‘This is a compelling book, telling the story of the nonpareil of rescuers, Wallenberg, and of his survivors, and one in particular, on an intimate and utterly convincing and riveting scale. I hope the world reads this book and absorbs the message.’ Thomas Keneally
‘In my mind, while Wallenberg is clearly Vajda’s hero, Vajda himself is a hero for telling his story and for bringing so much richness to our world.’ longingtobe.wordpress.com
Frank Vajda, a major figure in Australian neurology, was a boy in Budapest, Hungary, during the Second World War. In the care of his courageous and ever-resourceful mother, he survived the attempt by Hitler’s Nazis and a fascist Hungarian militia to murder him, his family and the rest of the Jews of this nation.
In Saved to Remember Vajda vividly and matter-of-factly conveys what life was like for Jews trying to stay alive in a world where the law of the land, backed up by brute soldierly force, suddenly determined that they were to be killed, and how they hid, bluffed, and fought to avoid that fate.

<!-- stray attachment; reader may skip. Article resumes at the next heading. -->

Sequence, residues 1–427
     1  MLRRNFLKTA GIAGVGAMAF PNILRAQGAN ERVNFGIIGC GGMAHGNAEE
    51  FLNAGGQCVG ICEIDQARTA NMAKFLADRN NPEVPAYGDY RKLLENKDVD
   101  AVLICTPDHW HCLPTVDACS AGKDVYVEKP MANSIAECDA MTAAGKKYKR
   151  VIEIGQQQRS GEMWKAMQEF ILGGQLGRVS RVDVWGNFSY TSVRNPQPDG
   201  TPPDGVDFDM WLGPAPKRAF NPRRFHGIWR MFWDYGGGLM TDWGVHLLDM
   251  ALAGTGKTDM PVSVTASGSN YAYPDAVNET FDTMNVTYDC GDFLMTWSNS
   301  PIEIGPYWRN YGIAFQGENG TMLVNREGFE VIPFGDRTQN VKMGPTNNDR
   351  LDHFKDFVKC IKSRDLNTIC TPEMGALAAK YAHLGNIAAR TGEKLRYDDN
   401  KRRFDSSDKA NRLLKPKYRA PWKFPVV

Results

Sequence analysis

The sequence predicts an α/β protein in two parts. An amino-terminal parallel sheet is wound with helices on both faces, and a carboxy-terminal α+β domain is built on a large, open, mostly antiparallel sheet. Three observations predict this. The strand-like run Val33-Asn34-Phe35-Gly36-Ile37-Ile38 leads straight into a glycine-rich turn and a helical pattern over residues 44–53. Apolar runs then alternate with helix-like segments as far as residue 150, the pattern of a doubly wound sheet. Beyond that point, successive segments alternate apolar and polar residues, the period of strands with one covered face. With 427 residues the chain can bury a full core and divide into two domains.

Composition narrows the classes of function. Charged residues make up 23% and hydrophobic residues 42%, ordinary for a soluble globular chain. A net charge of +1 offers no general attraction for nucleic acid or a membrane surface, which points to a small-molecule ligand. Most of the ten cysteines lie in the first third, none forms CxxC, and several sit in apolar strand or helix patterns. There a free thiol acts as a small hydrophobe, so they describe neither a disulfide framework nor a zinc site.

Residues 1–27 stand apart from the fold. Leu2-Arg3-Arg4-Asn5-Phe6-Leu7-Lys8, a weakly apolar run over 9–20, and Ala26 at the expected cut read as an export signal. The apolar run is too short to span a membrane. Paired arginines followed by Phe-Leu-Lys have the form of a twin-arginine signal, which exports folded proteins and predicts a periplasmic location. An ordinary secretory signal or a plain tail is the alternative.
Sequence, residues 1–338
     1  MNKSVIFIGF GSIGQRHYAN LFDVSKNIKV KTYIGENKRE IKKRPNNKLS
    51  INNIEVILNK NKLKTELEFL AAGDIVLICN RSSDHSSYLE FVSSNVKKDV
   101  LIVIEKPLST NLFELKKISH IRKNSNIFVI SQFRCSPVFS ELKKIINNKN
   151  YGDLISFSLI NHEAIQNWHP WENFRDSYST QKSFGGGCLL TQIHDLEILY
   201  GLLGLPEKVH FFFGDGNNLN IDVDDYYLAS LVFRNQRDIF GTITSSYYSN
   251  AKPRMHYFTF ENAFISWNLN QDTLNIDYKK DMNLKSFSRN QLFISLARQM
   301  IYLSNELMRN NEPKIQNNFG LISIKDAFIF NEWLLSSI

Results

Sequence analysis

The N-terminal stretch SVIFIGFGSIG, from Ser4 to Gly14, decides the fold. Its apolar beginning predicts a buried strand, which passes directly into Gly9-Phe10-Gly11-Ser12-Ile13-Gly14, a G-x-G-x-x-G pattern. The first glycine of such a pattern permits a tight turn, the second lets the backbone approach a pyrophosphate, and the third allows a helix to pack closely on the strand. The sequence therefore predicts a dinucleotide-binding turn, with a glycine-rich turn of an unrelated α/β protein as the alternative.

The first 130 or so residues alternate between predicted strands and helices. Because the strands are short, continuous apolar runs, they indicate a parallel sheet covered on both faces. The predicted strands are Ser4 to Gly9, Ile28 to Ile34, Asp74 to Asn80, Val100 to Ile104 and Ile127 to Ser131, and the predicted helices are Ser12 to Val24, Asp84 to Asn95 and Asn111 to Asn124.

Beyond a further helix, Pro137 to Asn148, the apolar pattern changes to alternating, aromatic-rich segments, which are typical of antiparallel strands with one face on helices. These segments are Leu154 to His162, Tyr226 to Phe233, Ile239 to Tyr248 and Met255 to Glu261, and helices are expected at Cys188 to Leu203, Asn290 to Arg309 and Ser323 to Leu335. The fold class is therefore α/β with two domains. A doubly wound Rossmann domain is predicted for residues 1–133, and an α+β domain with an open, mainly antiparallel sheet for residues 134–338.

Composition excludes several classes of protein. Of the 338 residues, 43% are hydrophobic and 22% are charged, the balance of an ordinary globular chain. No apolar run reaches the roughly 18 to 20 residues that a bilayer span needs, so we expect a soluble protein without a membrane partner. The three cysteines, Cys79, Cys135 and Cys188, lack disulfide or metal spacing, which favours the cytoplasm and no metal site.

Vajda pays tribute to those who did not survive, including his father, and to those who did their best to save them, amongst whom the name of Raoul Wallenberg, Swedish diplomat, shines most brightly. Saved to Remember is also an account of Vajda’s ongoing campaign to publicly recognise and honour those, particularly Wallenberg, who risked their own lives in the attempt to save Jewish lives.
At a time when the memory of this period of Hungarian history is increasingly contested, Frank Vajda’s memoir is important both for what it reveals of what happened and for what it says of how these events should be remembered.